Charlotte Russe is both a cake and dessert. I remember my mom made this when I was growing up in Norway. I decided to make it the other night. It is made with Raspberry Roll Cake and Lime Mousse. It is really fresh tasting.
A dessert loved in Norway is Riskrem. I loved it and my mom used to make it from left over Riceporridge. In Sweden I learnt to know it as ”Ris A La Malta.” Try this simple but lovely dessert!
My mom had a special recipe for Gingerbread that we called Kakemann in Norwegian. We always made these instead of the white one’s or the thinner brown one’s. I made them last weekend thinking about all the baking we used to do for Christmas. These were the favorite for us kids of all the cookies we made. And even as grown up they remained a favorite.
The 11th December was mom’s birthday. So I wanted to make a cake she used to make. I had not made this one in such a long time. I was looking through her recipes and remembered I loved this cake. It is a Chockolate cake with hazelnut caramel topping and vanilla cream filling. The cake is baked up-side-down. The bottom filling made with hazelnuts, butter and sugar becomes the top.
Krumkake is a traditional Norwegian cookie that is made for Christmas and also for other special celebrations. It is crispy and wafer like. To make the beautiful pattern a special iron is used for the frying. I have made these cookies as long as I can remember. My mother was an expert and I feel I sometimes succeed and sometimes fail. The trick is to get them thin and crispy. This cookie is also traditional in Sweden and here it is called Rullrån.
It is soon 13:th December and Lucia here in Sweden. And what is a “must” is “Lussebullar” or St Lucia Saffron Rolls.. Saffron Rolls is eaten throughout the whole Advent time which is from 4 Sundays before Christmas. What is also common is to make the Saffron Cringle or Advent Cringle or as it is called in Swedish and Norwegian Adventskrans.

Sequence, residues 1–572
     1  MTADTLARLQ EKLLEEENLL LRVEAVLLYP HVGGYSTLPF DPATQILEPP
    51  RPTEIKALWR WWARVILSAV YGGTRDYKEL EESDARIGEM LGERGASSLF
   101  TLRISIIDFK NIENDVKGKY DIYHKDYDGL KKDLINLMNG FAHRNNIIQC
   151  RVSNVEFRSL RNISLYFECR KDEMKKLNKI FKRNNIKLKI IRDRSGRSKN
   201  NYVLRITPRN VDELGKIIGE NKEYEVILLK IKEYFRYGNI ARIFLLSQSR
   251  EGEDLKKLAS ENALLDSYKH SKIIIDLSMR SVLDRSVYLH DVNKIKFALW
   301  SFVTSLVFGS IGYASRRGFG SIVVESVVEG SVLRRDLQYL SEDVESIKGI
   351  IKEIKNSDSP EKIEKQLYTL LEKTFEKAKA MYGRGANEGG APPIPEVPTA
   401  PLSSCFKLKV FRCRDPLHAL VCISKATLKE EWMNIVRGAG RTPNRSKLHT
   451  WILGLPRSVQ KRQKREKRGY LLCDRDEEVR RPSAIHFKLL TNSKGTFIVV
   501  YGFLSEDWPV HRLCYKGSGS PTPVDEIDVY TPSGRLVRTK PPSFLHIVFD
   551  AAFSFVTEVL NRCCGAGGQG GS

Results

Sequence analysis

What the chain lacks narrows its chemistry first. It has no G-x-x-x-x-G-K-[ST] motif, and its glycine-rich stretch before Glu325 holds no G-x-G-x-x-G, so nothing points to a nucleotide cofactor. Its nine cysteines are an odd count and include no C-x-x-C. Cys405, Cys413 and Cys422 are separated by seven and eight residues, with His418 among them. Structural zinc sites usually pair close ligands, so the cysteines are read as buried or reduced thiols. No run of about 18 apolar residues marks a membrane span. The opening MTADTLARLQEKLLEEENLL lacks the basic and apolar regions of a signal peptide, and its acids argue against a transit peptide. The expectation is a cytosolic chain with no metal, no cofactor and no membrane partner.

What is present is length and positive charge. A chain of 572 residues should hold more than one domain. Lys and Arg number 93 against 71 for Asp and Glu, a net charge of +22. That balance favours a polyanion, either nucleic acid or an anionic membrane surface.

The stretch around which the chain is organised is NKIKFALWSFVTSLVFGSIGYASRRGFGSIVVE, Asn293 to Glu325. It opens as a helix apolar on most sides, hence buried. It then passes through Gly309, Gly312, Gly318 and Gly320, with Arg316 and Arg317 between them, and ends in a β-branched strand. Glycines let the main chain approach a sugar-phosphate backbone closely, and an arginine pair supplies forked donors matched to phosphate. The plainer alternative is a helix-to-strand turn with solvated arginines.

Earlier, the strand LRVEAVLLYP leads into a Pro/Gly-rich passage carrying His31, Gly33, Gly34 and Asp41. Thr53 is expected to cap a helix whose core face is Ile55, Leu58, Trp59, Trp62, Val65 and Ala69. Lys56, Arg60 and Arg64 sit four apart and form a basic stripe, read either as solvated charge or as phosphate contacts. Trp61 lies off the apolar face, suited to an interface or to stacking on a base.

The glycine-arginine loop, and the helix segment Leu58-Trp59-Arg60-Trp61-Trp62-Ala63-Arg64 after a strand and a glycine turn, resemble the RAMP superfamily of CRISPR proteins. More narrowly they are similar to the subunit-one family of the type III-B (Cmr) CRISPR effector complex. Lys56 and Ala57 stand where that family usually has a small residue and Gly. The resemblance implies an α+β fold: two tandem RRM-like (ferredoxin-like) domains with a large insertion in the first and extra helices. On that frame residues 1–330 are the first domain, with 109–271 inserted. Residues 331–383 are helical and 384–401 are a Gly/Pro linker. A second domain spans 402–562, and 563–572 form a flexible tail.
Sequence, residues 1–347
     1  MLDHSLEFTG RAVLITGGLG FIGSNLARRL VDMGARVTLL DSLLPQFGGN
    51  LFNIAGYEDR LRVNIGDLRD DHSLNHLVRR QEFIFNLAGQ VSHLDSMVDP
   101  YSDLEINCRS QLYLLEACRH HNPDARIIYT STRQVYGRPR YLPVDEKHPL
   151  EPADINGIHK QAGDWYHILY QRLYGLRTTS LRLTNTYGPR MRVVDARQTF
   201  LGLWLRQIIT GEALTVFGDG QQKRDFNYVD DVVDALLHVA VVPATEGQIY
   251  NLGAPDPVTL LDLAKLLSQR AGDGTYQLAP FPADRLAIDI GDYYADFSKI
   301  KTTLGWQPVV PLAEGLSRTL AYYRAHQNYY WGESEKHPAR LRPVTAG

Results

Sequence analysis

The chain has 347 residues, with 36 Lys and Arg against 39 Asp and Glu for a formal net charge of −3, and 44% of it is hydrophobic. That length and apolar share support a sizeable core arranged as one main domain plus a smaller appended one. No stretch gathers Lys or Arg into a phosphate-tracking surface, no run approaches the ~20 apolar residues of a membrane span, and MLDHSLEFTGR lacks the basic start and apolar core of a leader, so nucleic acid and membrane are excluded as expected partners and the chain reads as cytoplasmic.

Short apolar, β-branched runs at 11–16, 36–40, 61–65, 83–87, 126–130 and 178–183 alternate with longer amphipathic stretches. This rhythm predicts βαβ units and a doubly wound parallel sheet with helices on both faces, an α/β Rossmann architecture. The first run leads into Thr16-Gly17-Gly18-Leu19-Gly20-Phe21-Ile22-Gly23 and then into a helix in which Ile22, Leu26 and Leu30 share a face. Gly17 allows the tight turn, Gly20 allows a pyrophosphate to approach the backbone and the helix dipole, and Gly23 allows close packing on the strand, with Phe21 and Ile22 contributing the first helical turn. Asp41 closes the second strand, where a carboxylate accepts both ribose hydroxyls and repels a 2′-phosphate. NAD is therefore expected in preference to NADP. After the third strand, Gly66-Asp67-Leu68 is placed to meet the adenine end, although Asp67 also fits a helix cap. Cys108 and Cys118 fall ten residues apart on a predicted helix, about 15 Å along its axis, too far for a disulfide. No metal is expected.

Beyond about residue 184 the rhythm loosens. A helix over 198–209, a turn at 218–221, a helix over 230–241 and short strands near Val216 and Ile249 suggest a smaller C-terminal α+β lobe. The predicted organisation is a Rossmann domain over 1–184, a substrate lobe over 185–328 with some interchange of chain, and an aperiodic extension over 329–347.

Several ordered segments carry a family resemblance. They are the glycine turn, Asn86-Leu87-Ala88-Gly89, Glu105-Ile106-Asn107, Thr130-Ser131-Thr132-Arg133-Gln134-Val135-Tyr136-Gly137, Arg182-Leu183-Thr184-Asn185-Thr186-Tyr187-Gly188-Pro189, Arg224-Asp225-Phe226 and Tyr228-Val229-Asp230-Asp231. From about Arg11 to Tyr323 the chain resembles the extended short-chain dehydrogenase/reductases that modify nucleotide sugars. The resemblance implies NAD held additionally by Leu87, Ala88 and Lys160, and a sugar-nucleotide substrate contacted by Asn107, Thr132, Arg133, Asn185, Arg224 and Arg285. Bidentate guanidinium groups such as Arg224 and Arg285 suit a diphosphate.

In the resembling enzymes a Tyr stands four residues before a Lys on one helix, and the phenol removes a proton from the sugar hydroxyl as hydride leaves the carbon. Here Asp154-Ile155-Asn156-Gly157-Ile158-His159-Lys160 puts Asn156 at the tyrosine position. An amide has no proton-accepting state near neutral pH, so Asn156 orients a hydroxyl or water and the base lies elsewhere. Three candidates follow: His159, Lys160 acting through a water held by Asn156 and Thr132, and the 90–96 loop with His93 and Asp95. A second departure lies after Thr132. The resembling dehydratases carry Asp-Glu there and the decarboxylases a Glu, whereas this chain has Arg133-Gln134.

Gingerbread Cookies is a “must” in Sweden and Norway for Christmas. Gingerbread House baking is also very popular. You can use the same dough for both. Get in the mood for Christmas!
Coming from Norway, having lived in the USA and living in Sweden, my traditions have become a mix of many cultures. And as I keep my Norwegian and even Swedish one´s I also like to mix it with a little American. And next weekend is Thanksgiving in the USA. Thursday is actually Thanksgiving and the day for the Turkey.
My mothers menu this day in 1957 was for 304 people and it was Prinsefisk as the main dish and Kale Soup with egghalves as a side dish. The price 1, 56 NOK ( about 17 cents). The recipe for Prinsefish is on another post. Here is Kale Soup from 1957. Kale Soup was often used as a side dish. Sometimes with egghalves and sometimes with dumplings made from flour and eggs.
There is one recipe in my mothers recipe book from 1957 that made me really curious. The name of the dish is “Prinsefisk” which means Prince Fish. I tried to find out where the name came from and found a fascinating story. In 1957 this recipe was 101 years old. Now this recipe is 164 years old anno 2020. It is considered a festive dish from Bergen, in Norway these days. The dish came about because of a real prince.
In november 1957 my mother has Ham and Macaroni Casserole, Brown Soup and Raw Vegetables on the menu for 322 people to a cost of 1, 49 NOK (14 cents) per person. I have recreated the menu, however made it for a few persons.
When I was growing up my mother used to make sandwiches with this sallad. I loved it and we called it Italian sallad. Now I realize it is what we call Cole Slaw and use as a side with meat these days. However my mother would make Smørbrød with this sallad when I was growing up in Norway.